Sometimes all you need to brighten your spirits is some quality time with a friend or loved one. “Relational health is key,” Farnan says, and building experiences and relationships are often key to people’s happiness. “I think we forget there is self-care in relationships,” she says. “Some people you thrive with, and others drain you, so it’s good to make sure you are balancing time with people who leave you feeling energized.”

4. Call In Well

Instead of only calling in sick when you are physically ill, call in well to allow yourself to be intentional about self-care. “If you have paid time off, it’s helpful to take one of those days or even a half day to take time for yourself,” Farnan says. “Take this time to do something good for your health and wellness. This should be time when you can play and unwind. Use your time off to enjoy yourself. Don’t save it all up or only use it for when you’re ill.”

One way to give yourself a mental break is to call in well from work and use that time (even if it’s just a half-day) to take a break and treat yourself to whatever you need like a hike outdoors, a day at the spa, time with loved ones or an afternoon relaxing at home.
Photo courtesy Burrell Behavioral HealthOne way to give yourself a mental break is to call in well from work and use that time (even if it’s just a half-day) to take a break and treat yourself to whatever you need like a hike outdoors, a day at the spa, time with loved ones or an afternoon relaxing at home.

5. Join Burrell’s Be Well Community

Burrell launched the Be Well Community during the height of COVID in 2020. It started off as a 30-minute Facebook live session where Burrell psychologists would lead participants through guided mindful meditation, breathing exercises and self-care practices. It was also a chance for people to be part of a community and realize we’re not alone in our grief or stress. Now, the Be Well Community is still going strong. Farnan and the team at Burrell lead these sessions, live, three times a week on Facebook and have taken the Be Well Community into businesses and offices looking to help their teams live as healthy and as well as possible. The Be Well Community Movement is also launching as a community mental health visibility campaign. Be on the lookout for Be Well Bells throughout our community. Designed by local artists, Be Well Bells serve as a symbol of hope, healing and wellness, ringing in a new narrative: Community wellness requires the commitment and participation of the entire community. Let’s Be Well Together!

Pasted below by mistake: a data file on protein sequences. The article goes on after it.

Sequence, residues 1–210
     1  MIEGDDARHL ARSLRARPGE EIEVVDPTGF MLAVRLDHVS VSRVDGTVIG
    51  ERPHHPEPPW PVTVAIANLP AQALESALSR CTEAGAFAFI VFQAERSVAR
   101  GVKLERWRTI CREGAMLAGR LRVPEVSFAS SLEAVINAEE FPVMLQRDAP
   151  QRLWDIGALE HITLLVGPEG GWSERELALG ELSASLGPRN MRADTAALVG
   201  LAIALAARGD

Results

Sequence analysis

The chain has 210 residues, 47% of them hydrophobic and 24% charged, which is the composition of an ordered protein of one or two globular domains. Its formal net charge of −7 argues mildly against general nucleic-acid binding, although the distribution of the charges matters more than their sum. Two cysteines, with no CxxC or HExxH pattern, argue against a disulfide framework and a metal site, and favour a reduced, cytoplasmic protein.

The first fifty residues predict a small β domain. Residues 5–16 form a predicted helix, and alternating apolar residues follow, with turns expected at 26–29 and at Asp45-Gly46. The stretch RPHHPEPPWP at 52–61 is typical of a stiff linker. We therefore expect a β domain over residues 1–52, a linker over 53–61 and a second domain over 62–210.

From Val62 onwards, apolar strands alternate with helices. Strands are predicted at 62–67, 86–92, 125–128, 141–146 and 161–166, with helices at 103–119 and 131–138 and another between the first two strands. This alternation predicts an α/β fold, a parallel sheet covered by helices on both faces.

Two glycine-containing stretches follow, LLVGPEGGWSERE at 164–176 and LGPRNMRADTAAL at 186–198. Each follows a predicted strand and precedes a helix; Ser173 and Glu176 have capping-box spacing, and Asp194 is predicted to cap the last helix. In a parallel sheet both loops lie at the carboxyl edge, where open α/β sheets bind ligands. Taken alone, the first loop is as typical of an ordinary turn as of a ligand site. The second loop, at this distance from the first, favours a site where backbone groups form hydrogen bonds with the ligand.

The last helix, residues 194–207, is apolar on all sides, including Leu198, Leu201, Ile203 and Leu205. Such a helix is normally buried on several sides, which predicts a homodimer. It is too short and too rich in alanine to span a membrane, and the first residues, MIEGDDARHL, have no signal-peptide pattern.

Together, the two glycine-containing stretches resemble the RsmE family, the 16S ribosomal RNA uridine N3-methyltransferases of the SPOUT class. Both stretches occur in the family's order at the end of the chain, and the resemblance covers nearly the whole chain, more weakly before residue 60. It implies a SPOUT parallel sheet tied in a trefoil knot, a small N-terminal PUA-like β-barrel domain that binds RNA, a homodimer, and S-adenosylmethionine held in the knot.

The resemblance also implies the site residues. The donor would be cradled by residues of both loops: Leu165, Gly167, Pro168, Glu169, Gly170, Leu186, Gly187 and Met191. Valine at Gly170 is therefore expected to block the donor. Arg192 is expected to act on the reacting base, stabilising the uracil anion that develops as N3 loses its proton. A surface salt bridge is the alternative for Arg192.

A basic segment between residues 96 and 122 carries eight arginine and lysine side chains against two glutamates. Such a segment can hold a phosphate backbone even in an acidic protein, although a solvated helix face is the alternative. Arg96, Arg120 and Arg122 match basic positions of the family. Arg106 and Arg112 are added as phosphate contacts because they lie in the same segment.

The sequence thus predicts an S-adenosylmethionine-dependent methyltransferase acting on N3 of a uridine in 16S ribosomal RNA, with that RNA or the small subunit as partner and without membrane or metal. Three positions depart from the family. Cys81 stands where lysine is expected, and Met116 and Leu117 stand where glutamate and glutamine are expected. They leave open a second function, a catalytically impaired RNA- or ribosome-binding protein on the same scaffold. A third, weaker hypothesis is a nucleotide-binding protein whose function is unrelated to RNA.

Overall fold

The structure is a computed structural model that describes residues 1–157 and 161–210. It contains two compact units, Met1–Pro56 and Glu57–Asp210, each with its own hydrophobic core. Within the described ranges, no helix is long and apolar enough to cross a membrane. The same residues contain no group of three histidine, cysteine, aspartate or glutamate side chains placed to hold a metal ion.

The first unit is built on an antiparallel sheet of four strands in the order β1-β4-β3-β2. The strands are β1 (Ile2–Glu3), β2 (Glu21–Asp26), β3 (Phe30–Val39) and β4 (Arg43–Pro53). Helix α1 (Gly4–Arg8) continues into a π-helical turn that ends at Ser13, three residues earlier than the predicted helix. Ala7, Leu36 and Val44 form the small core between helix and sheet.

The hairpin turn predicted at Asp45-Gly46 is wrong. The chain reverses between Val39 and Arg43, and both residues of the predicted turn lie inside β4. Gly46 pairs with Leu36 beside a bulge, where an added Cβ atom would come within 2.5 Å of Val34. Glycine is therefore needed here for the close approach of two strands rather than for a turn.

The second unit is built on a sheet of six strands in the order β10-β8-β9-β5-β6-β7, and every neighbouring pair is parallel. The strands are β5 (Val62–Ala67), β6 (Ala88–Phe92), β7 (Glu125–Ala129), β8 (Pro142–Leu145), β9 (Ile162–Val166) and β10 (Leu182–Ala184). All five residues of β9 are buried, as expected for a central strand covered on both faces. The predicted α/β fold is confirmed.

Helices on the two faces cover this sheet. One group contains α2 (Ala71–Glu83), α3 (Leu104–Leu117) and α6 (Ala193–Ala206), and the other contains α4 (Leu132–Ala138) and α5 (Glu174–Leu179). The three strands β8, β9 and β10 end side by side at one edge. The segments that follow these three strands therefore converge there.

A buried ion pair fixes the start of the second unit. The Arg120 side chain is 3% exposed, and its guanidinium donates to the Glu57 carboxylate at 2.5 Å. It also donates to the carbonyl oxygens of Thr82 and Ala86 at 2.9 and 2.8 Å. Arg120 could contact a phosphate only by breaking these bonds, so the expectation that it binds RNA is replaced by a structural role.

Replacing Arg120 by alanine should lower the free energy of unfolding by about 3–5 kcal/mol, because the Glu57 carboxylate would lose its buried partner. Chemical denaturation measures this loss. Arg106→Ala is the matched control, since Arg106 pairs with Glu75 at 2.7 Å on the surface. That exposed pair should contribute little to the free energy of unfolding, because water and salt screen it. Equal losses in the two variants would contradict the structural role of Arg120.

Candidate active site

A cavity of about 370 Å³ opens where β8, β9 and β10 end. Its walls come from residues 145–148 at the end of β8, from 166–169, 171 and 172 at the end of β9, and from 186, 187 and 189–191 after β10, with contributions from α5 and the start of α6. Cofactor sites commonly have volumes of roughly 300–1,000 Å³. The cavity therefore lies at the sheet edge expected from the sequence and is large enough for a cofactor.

About Burrell Behavioral Health

Burrell is a growing Community Mental Health Center that connects with more than 40,000 clients across 25 counties in Missouri and Arkansas. Its provider base of 400 clinicians offer a full range of mental health and substance-use services, wherever you need them.  Burrell creates individualized care plans and their staff collaborate with families, schools, healthcare systems and other networks to provide the appropriate care for each situation.